Having recently read the Cisco Press book on network Programming and Automation and as part of my NP-DEV studies, scripting on the Nexus platform was not something I had attempted. As with learning anything it always helps to have an actual use case, otherwise you end up stuck in mindless versions of helloworld!
Finally one arrived in the a forum port on the Cisco Support Community.
- Log onto a series of Nexus chassis
- Check status of interfaces, looking interfaces in a ‘notconnected’ state
- Place these interfaces into a non-routable VLAN, and shutdown the interface
For the Nexus 5596UP which I am working on, you will need at least version 7.2(0)N1(1) of NX-OS installed.
Configuring the NX-API on the switch is blissfully easy, and the options are fairly sparse:
! feature nxapi nxapi https port 8080 !
It is worth noting that once enabled, the nxapi service listens on all Layer3 interfaces configured on the Nexus. This is where the lack of nxapi commands, not even a vrf one, falls short of the mark. Configure ACLs to secure this as required.
The nxapi also has a sandbox feature which provides a webGUI showing how to construct REST messages in various formats containing cli commands of your own specification, and also the returned response containing live data.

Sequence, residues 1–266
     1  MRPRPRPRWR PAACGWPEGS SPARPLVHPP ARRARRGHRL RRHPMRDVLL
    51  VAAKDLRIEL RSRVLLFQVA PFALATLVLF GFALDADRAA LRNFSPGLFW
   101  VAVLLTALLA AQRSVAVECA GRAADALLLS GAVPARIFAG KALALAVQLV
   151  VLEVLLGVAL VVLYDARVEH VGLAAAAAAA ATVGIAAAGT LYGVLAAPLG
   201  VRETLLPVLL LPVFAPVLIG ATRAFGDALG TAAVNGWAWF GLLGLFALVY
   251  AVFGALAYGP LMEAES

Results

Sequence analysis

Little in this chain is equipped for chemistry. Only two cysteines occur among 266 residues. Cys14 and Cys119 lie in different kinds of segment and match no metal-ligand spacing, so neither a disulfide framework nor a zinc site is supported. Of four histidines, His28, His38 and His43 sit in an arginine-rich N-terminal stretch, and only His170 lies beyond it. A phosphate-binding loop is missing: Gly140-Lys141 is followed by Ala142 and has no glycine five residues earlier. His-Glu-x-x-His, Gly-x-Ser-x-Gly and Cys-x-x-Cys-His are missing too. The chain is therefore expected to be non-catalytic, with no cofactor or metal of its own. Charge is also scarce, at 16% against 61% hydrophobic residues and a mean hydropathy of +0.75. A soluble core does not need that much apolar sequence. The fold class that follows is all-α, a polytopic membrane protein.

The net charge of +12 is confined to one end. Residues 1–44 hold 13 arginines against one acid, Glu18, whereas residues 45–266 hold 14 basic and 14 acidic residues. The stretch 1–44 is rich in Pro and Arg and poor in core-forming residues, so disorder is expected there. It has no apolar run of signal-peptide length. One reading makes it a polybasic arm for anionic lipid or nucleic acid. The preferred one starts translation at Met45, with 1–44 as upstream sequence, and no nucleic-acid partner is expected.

This is enabled with the following command:
! nxapi sandbox !
The python script can be summarised:
- Iterates of a list of IP addresses, calling the method create_config_commands() on each one.
- This builds a payload data structure of the format shown in the sandbox screenshot above. The Request.response is iterated through looking for matches of the “state” key value.
- A string config_commands is then constructed, appending each matched interface.
- config_commands is then used in another nxapi POST call, this time of type “cli_conf“, to apply the config to the target switch.
The full source code can be found here: